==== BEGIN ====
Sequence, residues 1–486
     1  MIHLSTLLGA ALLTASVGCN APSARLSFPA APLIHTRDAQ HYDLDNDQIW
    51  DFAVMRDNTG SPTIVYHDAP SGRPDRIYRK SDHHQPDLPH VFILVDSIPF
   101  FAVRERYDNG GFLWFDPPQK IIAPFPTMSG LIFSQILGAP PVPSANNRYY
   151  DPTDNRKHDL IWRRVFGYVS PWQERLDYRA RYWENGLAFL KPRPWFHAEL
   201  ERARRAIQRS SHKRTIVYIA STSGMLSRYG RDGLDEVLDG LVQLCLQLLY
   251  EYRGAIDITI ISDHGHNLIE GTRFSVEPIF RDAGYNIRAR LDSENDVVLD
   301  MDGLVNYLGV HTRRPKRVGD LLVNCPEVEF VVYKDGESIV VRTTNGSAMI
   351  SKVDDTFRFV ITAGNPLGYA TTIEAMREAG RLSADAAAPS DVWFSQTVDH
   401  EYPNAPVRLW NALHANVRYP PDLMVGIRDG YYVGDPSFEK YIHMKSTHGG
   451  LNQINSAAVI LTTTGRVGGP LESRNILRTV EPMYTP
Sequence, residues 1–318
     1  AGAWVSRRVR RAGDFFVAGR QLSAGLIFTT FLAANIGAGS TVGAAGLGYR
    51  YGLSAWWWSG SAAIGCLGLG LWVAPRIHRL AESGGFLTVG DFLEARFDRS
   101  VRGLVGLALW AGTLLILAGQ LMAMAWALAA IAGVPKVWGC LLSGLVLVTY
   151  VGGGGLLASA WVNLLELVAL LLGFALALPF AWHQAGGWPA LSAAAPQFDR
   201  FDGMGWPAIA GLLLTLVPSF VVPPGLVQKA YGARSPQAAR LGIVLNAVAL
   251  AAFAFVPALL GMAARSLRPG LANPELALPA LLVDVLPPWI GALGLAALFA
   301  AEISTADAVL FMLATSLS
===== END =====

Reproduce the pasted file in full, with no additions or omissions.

Sequence, residues 1–486
     1  MIHLSTLLGA ALLTASVGCN APSARLSFPA APLIHTRDAQ HYDLDNDQIW
    51  DFAVMRDNTG SPTIVYHDAP SGRPDRIYRK SDHHQPDLPH VFILVDSIPF
   101  FAVRERYDNG GFLWFDPPQK IIAPFPTMSG LIFSQILGAP PVPSANNRYY
   151  DPTDNRKHDL IWRRVFGYVS PWQERLDYRA RYWENGLAFL KPRPWFHAEL
   201  ERARRAIQRS SHKRTIVYIA STSGMLSRYG RDGLDEVLDG LVQLCLQLLY
   251  EYRGAIDITI ISDHGHNLIE GTRFSVEPIF RDAGYNIRAR LDSENDVVLD
   301  MDGLVNYLGV HTRRPKRVGD LLVNCPEVEF VVYKDGESIV VRTTNGSAMI
   351  SKVDDTFRFV ITAGNPLGYA TTIEAMREAG RLSADAAAPS DVWFSQTVDH
   401  EYPNAPVRLW NALHANVRYP PDLMVGIRDG YYVGDPSFEK YIHMKSTHGG
   451  LNQINSAAVI LTTTGRVGGP LESRNILRTV EPMYTP
Sequence, residues 1–318
     1  AGAWVSRRVR RAGDFFVAGR QLSAGLIFTT FLAANIGAGS TVGAAGLGYR
    51  YGLSAWWWSG SAAIGCLGLG LWVAPRIHRL AESGGFLTVG DFLEARFDRS
   101  VRGLVGLALW AGTLLILAGQ LMAMAWALAA IAGVPKVWGC LLSGLVLVTY
   151  VGGGGLLASA WVNLLELVAL LLGFALALPF AWHQAGGWPA LSAAAPQFDR
   201  FDGMGWPAIA GLLLTLVPSF VVPPGLVQKA YGARSPQAAR LGIVLNAVAL
   251  AAFAFVPALL GMAARSLRPG LANPELALPA LLVDVLPPWI GALGLAALFA
   301  AEISTADAVL FMLATSLS